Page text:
I agree with the lunch 'n learn part. I previously worked for a company that put them on, and all participants needed to do was attend because a presenter was brought in to lead them. The only bummer at a former employer was that they didn't allow contractors to participate (and I was a contractor). They do have somewhere I work now, too, and I'll be looking to attend one now and then once I get settled in to the job.

Otherwise, I would like to add that re-using office supplies, when possible, is always a good idea. I know that when I started my current job, I found a lot of otherwise unused office supplies lying around which meant I only needed to ask for a few items from the supply department rather than a lot of items.

And, I also completely agree with turning off the lights and even your computer monitors, too. I cannot tell you how often I walk past an empty room where I work when I know no-one will be in there any time soon so I am constantly turning lights off. I think I'm going to bring up installing more sensor lights for rooms like that.

Thank-you for the interesting read.

Dr Pandula from Norway on April 21, 2012:

Congratulation PegCole17 for being chosen as the 'hub of the day'! It's a great hub and does give some valuable insight to what needs to be done in order to get ahead of work. Thanks for sharing!

kjrzeek1 from New Jersey, USA on April 21, 2012:

Nice hub, too many people in life expect to get things handed to them. Somewhere in the last 20 years or so we lost the understanding of "Hard Work Pays Off" Thanks for the suggestions.

am301986 from New Delhi on April 20, 2012:

I really appreciate your work. Great suggestion....thanks for sharing... cheers :)

Joyette Helen Fabien from Dominica on April 20, 2012:

Congratulations PegCole17. I endorse the idea that to get ahead in life the onus is upon one to take all possible steps to educate onself. It might mean sacrificing the lunch hour, but you have recommended a fun way to do so. It might mean giving up one's free time, but you have made it sound worthwhile. In short, you have some really useful ideas. Thanks for sharing!

Peg Cole (author) from North Dallas, Texas on April 20, 2012:

John000, What a great story about your father and his cost savings ideas and certificate collection. It helps the company and it helps the worker in subtle ways, knowing that you played a part in the success of the organization.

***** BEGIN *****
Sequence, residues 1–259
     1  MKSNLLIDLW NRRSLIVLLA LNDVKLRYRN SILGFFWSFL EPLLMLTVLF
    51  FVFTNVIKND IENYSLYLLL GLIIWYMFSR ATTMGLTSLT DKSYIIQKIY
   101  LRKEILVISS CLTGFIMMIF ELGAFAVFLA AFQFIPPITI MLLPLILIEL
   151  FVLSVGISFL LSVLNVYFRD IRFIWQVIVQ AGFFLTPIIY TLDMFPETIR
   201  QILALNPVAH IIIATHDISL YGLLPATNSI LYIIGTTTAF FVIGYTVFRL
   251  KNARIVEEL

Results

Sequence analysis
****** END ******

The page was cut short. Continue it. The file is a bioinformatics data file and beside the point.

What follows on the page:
As a buyer I was able to negotiate lower cost on recurring purchases through volume discounts and vendor evaluation and careful selection. It always made me feel great even when the boss didn't notice the dollars saved. But when she did, it was even better. Recognition for a job well done is a great part of job satisfaction at work. It is great that you had such a good example in your Dad and his work ethic. Thanks again for sharing your experience and for stopping in. Peg

Peg Cole (author) from North Dallas, Texas on April 20, 2012:

Thank you Claudedog1234. The formatting was interesting on your hub. I don't think I've seen that before. Good topic.

John R Wilsdon from Superior, Arizona on April 19, 2012:

From the comment response to your article it is obvious that you hit on a subject that a lot of people are in tune with. I salute you for pointing out that the business you work for a pays your salary is "your" business. Helping a company, in general, helps you from the standpoint of enriching an organization you depend on for profitability and advancement. I recall my father who worked for 30 years for an aviation company - he submitted recommendations over and over again to reduce cost in manufacturing equipment. He would get a certificate each time and hung it on his office wall. Once I went in and counted up the dollars the company said he saved them - it was in the many millions of dollars. He didn't have to but looked at his firm as a blessing. I tried to emulate that in my work. Thanks for pointing out these things. Good hub!

Peg Cole (author) from North Dallas, Texas on April 19, 2012:

Thank you Vechiclereg. You are kind to come back by. Very nice words and thanks again for the votes. Peg

Peg Cole (author) from North Dallas, Texas on April 19, 2012:

Hi Tiffany, Thanks for the support on the lunch and learn thing. We had access to all the right equipment and used it to our best advantage. You do find out who the shakers are with these lunches.

Peg Cole (author) from North Dallas, Texas on April 19, 2012:

Hi Paul, You know sometimes it is who you know. And that can turn out to be a good thing. As you said, networking skills are key to communicating. It is about opportunity and preparedness; timing is critical. Job skills can be learned, but effective communicators are in great demand and short supply.

Wow. Thirty years working for the government you would understand about overcoming obstacles to career growth. Visibility of key management and their support in favor of your efforts is important.

Thanks for your thoughts, the votes and for sharing. Peg

Tiffany Delite from Wichita, KS on April 19, 2012:

i enjoyed this article...i participated in several lunch an learns at the university that i used to work at. it truly is a great opportunity to build camaraderie while learning something new (or teaching others something new). i voted this article up and useful! blessings...